Much documentation

There is a lot of documentation regarding disaster management in St. Maarten, but more importantly than paper is how this is applied in practice. While it could be necessary to revise the disaster management structure, it was decided to first focus on the things that needed to be put in place for the next hurricane season.

As such, it was decided, at least for now, to concentrate on organising workshops and assist with the plans for two ESFs that resort under the Ministry of VSA: the ESF-6 (health sector) and ESF-7 (distribution of relief goods, evacuation of people and shelters).

A concrete manual will be prepared so those working in the ESF know what to do and how, and who does what in case of a disaster. The other ESFs will follow after the hurricane season. “The ESF-6 workshop was very well-attended and there was a lot of positive feedback. People are very aware of the need to tackle this,” said Vermeer.

A workshop will also be organised for the Council of Ministers. During a so-called “serious game,” the members of the Council of Ministers will learn more on how to handle the situation when a hurricane hits or another type of disaster occurs, how and what to communicate, what the roles are of the different entities, as well as the consequences of decisions.

The traumatic/psychological aspect of a hurricane is not being forgotten in this project. “There is a broad awareness of this matter within the Government,” said Vermeer. Amsterdam is assisting with this part of the project since the Municipality has worked on the theme of mental health care in St. Maarten before.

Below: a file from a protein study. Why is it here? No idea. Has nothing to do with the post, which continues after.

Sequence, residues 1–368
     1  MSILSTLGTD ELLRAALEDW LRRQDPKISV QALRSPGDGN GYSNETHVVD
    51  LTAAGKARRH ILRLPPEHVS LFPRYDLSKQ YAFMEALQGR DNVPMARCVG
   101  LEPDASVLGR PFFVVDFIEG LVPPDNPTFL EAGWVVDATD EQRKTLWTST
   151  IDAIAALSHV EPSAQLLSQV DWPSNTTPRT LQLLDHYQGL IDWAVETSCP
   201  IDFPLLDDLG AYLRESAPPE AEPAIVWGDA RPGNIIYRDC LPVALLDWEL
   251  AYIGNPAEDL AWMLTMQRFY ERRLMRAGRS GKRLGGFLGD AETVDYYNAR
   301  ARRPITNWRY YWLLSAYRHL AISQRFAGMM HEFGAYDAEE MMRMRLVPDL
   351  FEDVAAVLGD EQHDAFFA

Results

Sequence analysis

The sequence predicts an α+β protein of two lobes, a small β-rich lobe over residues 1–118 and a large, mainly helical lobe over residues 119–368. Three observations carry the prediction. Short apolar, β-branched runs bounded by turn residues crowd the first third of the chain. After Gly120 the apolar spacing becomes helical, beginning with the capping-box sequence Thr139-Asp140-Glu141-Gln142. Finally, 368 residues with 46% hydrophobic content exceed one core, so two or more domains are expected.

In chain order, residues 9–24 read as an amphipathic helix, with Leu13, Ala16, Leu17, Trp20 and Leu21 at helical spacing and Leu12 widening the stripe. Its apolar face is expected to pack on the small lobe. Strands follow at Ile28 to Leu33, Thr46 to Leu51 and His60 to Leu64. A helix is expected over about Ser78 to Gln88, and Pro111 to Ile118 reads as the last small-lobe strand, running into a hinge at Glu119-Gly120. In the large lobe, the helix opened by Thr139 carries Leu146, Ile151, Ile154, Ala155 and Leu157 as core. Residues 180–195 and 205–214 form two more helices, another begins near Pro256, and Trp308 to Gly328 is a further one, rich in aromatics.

Building norms

The second component of the VNG project is building back better, specifically the issue of building permits and the norms of (re)building to a “hurricane-proof” standard. St. Maarten does not have established norms for the concept of hurricane-proof, and the related building code is seriously outdated, written in 1935.

Next month, two experts will be going to St. Maarten for workshops with stakeholders, including architects, construction companies, the private sector such as hotels, and the different non-governmental organisations (NGOs) that are active in the reconstruction of homes. On that basis, new norms will be drafted.

A lot is involved in the reconstruction of buildings and homes: the issuing of permits, enforcement of regulations and the inspection of the properties. The intention is to organise a similar workshop in the future regarding the environmental norms.

The overall objective is to make things better for the people. “We hope to contribute to this with this project. We are doing this together with the St. Maarten Government and a pool of experts from the different municipalities,” said Steenbergen.

The experts are specifically selected for this endeavour. One criterion is that they must understand the Caribbean context and/or have a connection with the islands. Also, they must be able to operate in an area with a different culture. Currently, some 15 experts are involved, of which some have worked before in the Dutch Caribbean. The project will last 2.5 years, up to the summer of 2020.


Steenbergen said that she had noticed a lot of solidarity and enthusiasm among the Dutch municipalities. But the St. Maarten Government is very content as well. “When we presented our project proposal to the Ministers in March, they said that they were very thankful for the input of the VNG.”

One of the reasons the VNG assistance works is that the expertise fits within the local, St. Maarten level. “We have more or less the same institutional legislation and we are used to working on a local level,” said Steenbergen. “The colleague-to-colleague systems are quite compatible,” added Vermeer.

The VNG has ample work experience internationally. VNG International has carried out projects to help several countries after disasters, such as Haiti, Atjeh (Indonesia), the Philippines, Sri Lanka and Suriname. VNG International is also assisting with the refugee crisis in the Middle East.